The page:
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Business continuity (BC) and disaster recovery (DR) entail entirely different strategies with both being vital to keeping a business operational in a globally competitive marketplace.
Business continuity (BC) and disaster recovery (DR) entail entirely different strategies with both being vital to keeping a business operational in a globally competitive marketplace.

The importance of BC and DR

MARKETING NEWS

Issued by RubiComm - May 10th, 15:44

According to Shaun Searle, Country Manager - African Regions at Redstor, organisations need to realise that business continuity (BC) and disaster recovery (DR) entail entirely different strategies with both being vital to keeping a business operational in a globally competitive marketplace. 

BC ensures the company can continue during a disaster by getting things up and running as quickly as possible. These disasters can be natural (fire, flood, or earthquake) or man-made (hardware failure, data breach, or ongoing power failures); essentially anything that can bring an organisation to a standstill.

DR forms part of this. It is the capability of the company to restore data and critical applications in the event its systems are destroyed when disaster strikes. The focus revolves around vital support systems, such as communications; hardware; and IT assets getting back to normal in the shortest time possible.

“When it comes to BC and DR options, sizing the solution becomes key. A software-only option can help with this as it requires no additional on-premise infrastructure and can back up large data sets and complex environments while ensuring compliance.”

Prioritising options

However, he cautions that very few solutions can perform both backup and DR effectively.

“Most specialise in one area or another. For example, you can get rapid recoveries at the expense of efficient long-term retention, or you get efficiency at the expense of restore speed. But the most important thing is that something needs to be done considering that Gartner estimates the average cost of downtime at $5 600 per minute and growing.”

With customers less brand loyal than in the past, they are likely to move to a competitor when having a negative experience as a result of downtime or data loss.

“If data is lost, a business must be able to serve it up immediately, on demand, and with minimal effort from the user. Historically, these capabilities were only available to businesses that could afford an enterprise-grade data management solution. Fortunately, as technologies have evolved, such systems are more affordable to businesses of all sizes. Of course, the focus must be on the most critical files that need to be accessed first.”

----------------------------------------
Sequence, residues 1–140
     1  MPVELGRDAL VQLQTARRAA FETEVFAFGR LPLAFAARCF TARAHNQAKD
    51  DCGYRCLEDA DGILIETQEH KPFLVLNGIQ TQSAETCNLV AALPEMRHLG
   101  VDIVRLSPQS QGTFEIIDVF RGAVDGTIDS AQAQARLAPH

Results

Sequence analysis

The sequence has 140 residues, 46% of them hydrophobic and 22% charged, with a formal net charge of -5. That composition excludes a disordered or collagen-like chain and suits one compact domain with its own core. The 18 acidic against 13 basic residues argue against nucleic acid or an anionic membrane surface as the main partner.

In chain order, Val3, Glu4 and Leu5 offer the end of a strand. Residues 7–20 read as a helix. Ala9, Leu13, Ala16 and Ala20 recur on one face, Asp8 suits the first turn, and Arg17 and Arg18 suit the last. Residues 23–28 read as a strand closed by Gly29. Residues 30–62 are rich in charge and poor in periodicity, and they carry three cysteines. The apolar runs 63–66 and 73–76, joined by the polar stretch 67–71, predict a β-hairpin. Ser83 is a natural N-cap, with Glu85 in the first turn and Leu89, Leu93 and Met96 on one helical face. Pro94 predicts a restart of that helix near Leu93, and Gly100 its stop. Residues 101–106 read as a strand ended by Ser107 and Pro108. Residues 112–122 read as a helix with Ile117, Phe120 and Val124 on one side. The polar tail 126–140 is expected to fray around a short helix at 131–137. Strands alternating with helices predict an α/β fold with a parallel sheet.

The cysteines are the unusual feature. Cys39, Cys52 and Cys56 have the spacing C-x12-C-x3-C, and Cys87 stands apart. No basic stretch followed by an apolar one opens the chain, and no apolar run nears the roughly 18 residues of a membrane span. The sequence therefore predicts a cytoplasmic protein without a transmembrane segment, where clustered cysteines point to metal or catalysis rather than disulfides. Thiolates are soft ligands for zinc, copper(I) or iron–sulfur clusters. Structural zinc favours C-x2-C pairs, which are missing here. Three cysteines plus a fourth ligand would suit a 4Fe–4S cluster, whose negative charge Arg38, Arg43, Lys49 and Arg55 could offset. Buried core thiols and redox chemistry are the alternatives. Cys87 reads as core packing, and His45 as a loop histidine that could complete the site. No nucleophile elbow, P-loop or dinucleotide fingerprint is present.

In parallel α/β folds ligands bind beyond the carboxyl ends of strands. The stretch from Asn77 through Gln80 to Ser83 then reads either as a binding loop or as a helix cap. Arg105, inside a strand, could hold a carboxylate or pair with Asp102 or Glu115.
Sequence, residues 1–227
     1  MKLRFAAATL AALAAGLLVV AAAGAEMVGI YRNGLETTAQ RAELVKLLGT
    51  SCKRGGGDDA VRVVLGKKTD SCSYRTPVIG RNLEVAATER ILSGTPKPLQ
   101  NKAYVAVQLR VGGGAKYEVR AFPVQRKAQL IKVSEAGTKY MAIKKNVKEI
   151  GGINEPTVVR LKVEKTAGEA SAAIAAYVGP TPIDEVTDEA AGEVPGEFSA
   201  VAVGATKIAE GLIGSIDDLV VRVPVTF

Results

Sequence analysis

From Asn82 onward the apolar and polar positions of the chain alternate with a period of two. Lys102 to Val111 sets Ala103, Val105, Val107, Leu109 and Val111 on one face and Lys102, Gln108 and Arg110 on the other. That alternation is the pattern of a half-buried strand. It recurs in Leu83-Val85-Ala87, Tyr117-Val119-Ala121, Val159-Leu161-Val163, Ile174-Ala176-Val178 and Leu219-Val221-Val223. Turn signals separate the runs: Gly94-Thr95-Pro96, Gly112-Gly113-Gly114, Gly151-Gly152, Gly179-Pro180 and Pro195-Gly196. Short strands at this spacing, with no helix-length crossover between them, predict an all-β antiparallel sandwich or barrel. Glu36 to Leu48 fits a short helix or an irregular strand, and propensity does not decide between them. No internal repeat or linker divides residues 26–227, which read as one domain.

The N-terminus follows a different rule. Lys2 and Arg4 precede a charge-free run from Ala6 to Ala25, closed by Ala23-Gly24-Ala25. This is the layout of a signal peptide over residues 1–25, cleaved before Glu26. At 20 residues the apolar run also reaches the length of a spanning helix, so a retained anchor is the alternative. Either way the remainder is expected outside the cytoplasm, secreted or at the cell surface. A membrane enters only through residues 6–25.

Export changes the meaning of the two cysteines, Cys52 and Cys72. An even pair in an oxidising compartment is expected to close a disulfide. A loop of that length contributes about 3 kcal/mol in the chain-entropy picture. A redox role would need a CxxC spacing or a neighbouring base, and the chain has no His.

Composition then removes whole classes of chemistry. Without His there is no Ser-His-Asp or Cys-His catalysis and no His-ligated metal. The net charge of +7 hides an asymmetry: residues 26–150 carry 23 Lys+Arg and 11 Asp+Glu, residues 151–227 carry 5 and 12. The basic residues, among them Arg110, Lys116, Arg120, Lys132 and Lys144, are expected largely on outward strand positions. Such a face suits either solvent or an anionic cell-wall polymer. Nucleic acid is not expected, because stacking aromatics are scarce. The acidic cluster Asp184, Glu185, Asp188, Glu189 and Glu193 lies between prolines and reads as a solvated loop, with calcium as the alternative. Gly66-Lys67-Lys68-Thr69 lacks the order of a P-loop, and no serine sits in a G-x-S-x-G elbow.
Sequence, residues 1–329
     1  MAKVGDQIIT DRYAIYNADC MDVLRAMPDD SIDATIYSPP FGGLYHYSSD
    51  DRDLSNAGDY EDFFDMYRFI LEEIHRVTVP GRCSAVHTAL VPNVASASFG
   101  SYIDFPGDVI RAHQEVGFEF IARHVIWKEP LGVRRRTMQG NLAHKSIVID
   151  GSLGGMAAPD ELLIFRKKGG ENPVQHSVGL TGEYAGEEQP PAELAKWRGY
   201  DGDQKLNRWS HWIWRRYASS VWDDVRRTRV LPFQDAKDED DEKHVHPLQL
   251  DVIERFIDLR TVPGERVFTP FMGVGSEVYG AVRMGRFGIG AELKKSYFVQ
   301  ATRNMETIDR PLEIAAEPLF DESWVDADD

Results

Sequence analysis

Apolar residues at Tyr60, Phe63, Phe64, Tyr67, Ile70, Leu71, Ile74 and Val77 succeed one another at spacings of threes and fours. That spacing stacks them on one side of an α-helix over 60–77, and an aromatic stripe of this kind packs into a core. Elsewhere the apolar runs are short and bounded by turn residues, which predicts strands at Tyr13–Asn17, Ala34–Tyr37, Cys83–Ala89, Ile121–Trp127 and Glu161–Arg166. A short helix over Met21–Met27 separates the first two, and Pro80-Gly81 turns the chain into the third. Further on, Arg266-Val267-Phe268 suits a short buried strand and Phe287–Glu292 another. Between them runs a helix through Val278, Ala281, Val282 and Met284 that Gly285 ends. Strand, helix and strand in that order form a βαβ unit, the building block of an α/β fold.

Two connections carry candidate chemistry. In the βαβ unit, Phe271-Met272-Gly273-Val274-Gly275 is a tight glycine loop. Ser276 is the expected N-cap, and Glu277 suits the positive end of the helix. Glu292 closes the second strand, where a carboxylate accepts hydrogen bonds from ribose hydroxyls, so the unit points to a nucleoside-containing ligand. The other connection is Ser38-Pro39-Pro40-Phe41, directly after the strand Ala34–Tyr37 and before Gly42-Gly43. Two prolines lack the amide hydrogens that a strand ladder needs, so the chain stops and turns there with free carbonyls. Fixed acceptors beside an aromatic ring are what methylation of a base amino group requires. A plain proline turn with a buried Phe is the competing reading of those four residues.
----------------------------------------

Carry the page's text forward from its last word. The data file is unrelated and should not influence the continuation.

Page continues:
While companies work on these files, the remaining data must be intelligently restored in the background without any delays, downtime, or disruption.

Planned approach

“Beyond effective solutions, one of the most important steps in putting together BC and DR plans is to ensure they are tested. This is vital to understanding additional aspects that may be missing, understand in greater detail the timeframes behind planned steps, and give decision-makers greater peace of mind.”

Best practice dictates that solutions are in place that allows for simple, on-demand testing with no limited functionalities or additional costs.

“It also makes business sense to avoid using separate solutions for backup, disaster recovery and archiving. With an all-in-one data-management technology, a business will be able to access all its data, whether on-premise or in the cloud, instantly, through a single control centre.”

Ongoing review

Furthermore, BC and DR plans are not things done once and forgotten about.

“Key personnel need to come together once a year, if not more frequently, to review the plans and discuss any areas that must be modified. Additionally, companies might want to consider using technology that can be deployed quickly as an onsite solution, a fully cloud-based software-as-a-service solution, or a hybrid of the two.”

Cloud-based technologies require no upfront capital investment and no additional hardware. This means organisations avoid the expense of duplicate data centres and failover infrastructure that sits idle most of the time. However, it is prudent to find a provider whose charges are based on a simple subscription model with no bandwidth costs or charges for restores.

“It is important too to check that there is unthrottled access. Some providers limit the speed at which companies can download or stream data. They must make sure they can receive access as fast as possible so operations can continue uninterrupted. Irrespective, decision-makers today cannot afford to ignore either BC or DR strategies. The longevity of their organisations depends on it.” 

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